One Nation under Law: America's Early National Struggles to Separate Church and State

By Bradley, Richard | South Carolina Historical Magazine, January 2006 | Go to article overview

One Nation under Law: America's Early National Struggles to Separate Church and State


Bradley, Richard, South Carolina Historical Magazine


One Nation under Law: America's Early National Struggles to Separate Church and State. By Mark Douglas McGarvie. (DeKalb: Northern Illinois University Press, 2004. Pp. xi, 256; $38, cloth.)

Evangelist Pat Robertson once stated that "there is no separation of church and state in the Constitution. It's a lie of the liberal left." Anyone who cringes at that statement would do well to read this excellent monograph. McGarvie has produced a well-documented and subtly informed descriptive analysis of the movement to separate church from state in antebellum America.

As Philip Hamburger has shown in Separation of Church and State (2002), the First Amendment establishment clause, rather than separating church and state, was initially intended as a protection of Christian religious liberty. Hamburger, however, goes so far as to argue that the authors of the Constitution never intended any separation of church and state-and there is good evidence to support this opinion. Before the Revolution, eleven of the thirteen colonies had established churches, supported by local taxes. They provided many vital public services, including public-record keeping and poor relief. This situation did not immediately change after the drafting of the Constitution in 1787.

But while accepting the generally uncontroversial interpretation of the First Amendment, McGarvie directly contradicts Hamburger's broader claim. While admitting that separation of church and state was neither effected nor intended by the First Amendment, he argues that the contract clause of the Constitution, by delineating a rigid separation between public and private institutions, laid the ground work for the Enlightenment project of disestablishing church from state in early America. Or, as the author puts it, "The constitution did not separate church and state, but it did endorse a conception of society that made separation inevitable" (p. 13). That is, the protection of private institutions from public control established by the contract clause would inexorably force the churches of the infant United States into the private sphere.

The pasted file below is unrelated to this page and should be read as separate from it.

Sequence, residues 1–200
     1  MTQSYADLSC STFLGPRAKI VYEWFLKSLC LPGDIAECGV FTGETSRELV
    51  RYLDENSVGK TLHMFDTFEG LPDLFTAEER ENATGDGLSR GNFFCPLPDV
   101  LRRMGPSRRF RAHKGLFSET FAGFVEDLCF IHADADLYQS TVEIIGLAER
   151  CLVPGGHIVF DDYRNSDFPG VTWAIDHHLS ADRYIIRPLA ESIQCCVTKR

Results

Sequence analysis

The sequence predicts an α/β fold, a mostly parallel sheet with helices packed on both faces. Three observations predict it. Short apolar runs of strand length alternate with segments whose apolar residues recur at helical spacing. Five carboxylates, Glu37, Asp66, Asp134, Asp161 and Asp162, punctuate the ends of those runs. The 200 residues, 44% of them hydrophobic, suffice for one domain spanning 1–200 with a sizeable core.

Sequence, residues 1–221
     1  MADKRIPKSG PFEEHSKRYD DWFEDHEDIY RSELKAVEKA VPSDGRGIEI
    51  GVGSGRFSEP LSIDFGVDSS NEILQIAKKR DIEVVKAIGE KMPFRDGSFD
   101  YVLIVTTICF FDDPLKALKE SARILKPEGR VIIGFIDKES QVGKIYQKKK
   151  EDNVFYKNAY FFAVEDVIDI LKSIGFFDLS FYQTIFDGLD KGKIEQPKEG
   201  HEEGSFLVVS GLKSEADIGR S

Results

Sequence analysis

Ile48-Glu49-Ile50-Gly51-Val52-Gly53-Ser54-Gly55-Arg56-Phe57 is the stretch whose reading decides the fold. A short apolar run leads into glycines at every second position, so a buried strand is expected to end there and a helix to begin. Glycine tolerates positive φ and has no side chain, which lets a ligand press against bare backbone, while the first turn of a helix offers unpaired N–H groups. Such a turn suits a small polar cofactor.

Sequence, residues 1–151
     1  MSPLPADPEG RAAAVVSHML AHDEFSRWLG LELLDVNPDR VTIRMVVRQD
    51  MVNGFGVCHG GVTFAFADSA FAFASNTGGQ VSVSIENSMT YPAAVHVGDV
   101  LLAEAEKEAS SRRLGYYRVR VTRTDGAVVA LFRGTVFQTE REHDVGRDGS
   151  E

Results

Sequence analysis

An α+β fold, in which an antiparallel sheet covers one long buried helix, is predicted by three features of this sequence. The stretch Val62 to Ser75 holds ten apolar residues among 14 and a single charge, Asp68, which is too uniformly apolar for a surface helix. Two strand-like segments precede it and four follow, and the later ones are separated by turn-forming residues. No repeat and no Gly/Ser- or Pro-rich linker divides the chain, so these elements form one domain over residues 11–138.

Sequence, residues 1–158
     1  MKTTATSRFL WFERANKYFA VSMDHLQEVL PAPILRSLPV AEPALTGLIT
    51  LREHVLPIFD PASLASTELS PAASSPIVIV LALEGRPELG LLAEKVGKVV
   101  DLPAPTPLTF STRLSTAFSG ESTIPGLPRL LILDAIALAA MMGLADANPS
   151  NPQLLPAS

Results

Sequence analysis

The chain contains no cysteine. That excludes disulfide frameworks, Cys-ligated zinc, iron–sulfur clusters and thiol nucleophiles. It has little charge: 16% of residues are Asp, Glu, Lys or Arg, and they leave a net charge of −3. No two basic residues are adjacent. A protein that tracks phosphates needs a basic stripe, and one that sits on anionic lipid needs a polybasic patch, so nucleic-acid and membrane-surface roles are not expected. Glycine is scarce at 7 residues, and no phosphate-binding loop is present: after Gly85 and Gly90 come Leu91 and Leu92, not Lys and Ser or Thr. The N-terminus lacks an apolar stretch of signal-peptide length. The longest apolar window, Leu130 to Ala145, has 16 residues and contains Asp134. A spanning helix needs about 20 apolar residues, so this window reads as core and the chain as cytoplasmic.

An important and relatively unknown story is how these churches were disestablished and changed into private organizations throughout the early national period. Another signal contribution of McGarvie's work is to discredit the widely disseminated idea that disestablishment was a simple and perfunctory process. …

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